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Blanket IR35 determinations: when will HMRC learn?

New Qdos Contractor research indicates that 38% of contractors have been subject to blanket determinations placing them inside IR35 in the public sector. These decisions, made by the engager, result in all contractors working in a particular organisation being made to operate under IR35 without a review of their individual working practices.

Worryingly, these blanket-inside IR35 decisions aren’t confined to only a few organisations, with contractors reporting that many public sector bodies are guilty of this approach. Ironically, 19% of contractors in this data set worked on HMRC projects at the time.

If this isn’t concerning enough, the research suggests that Government departments in total account for at least 38% of these blanket inside-IR35 decisions, with MoD, MoJ, and the Home Office each apparently failing to recognise unique aspects of a contract which IR35 status can hinge on.

The research, carried out to support Qdos Contractor’s IR35 consultation response, suggests that HMRC is exposing its own organisation to non-compliance as it drives towards its goal of netting an estimated £1.2bn a year through reform.

In its attempt to raise tax receipts, HMRC has previously been criticised for chasing the most amount of tax, not the right amount of tax. These statistics simply add more fuel to that fire.

Blanket decisions lack ‘reasonable care’ and, according to the IR35 legislation, are non-compliant. But role-based assessments on the other hand, abide by the rules, as the latest forum notes explain:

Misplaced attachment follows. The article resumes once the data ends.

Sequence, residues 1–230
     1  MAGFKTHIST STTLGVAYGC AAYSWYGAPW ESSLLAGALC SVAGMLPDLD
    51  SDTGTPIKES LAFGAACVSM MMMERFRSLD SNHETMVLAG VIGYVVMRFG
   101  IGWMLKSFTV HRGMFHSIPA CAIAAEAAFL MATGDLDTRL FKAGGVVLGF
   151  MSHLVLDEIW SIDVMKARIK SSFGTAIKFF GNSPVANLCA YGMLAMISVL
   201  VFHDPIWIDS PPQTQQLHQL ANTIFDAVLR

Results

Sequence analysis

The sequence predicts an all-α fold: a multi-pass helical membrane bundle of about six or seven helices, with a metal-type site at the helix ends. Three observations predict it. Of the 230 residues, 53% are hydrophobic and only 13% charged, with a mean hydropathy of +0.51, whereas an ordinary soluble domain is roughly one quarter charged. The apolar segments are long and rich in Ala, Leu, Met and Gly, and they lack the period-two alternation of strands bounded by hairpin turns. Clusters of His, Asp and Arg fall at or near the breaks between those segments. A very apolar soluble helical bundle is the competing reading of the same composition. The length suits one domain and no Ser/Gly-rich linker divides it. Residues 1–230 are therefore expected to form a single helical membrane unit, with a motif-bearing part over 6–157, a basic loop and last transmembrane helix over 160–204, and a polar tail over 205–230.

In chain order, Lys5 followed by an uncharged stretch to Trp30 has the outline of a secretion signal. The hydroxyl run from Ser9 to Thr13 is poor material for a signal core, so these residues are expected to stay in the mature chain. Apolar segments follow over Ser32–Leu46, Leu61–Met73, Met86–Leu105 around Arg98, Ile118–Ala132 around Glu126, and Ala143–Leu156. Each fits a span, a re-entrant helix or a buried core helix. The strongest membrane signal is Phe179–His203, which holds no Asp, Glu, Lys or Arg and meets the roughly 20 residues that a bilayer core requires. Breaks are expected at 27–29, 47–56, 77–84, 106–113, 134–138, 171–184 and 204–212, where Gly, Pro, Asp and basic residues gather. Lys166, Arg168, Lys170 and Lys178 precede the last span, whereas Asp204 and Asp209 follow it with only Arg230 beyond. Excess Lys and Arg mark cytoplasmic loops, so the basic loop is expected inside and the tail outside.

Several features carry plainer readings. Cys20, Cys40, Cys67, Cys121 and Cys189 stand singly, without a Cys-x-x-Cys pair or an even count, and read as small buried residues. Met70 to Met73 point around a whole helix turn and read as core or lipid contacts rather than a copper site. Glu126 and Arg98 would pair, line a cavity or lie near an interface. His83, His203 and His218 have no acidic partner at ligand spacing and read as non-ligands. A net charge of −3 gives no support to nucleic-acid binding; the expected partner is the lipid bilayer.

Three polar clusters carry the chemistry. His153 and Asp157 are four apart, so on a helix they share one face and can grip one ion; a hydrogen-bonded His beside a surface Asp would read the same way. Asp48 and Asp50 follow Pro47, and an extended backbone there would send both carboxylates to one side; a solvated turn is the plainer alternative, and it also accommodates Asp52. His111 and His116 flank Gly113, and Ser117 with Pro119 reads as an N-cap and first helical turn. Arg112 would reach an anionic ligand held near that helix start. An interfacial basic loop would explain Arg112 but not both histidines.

“There will be occasions where workers are hired to carry out identical roles, with the same terms and conditions, and where the same determination is therefore correct. This is legitimate and does not amount to a blanket ruling. Treating people in the same factual position in the same way meets the statutory obligation to use reasonable care.”

However, eyebrows have been raised about the fairness of these role-based assessments. A number of IR35 experts have spoken out against them, and Dr Iain Campbell, who heads up The Independent Health Professionals Association (IHPA), is particularly vocal on the issue.

“Role based assessments are always blanketing as it is impossible to assess factors such as the contractor’s financial risks, company structure, working practices, and in particular willingness to be subject to supervision, direction and control, or the myriad of other factors that need to be considered.”

In fact, Qdos Contractor stated in its consultation response, that by definition, role-based decisions cannot ensure accuracy because they set out status before the contract has started and so ignore actual working practices, which hold more weight in an IR35 investigation.

Engagers placing contractors inside IR35 without a fair review of their individual working arrangement can lead to individuals being wrongly taxed as employees. Should companies administer IR35 this way, they risk non-compliance and leave the door open for contractors to claim back incorrect tax payments – incidentally, a trend which is on the rise, as Qdos Contractor highlighted recently.

In response to continued uproar over blanket determinations, public sector engagers (most notably The NHS) are keen to distance themselves from them. Stephen Barclay, Minister of State for the Department of Health and Social Care recently argued he does “not recognise that (NHS) trusts are operating blanket determinations.”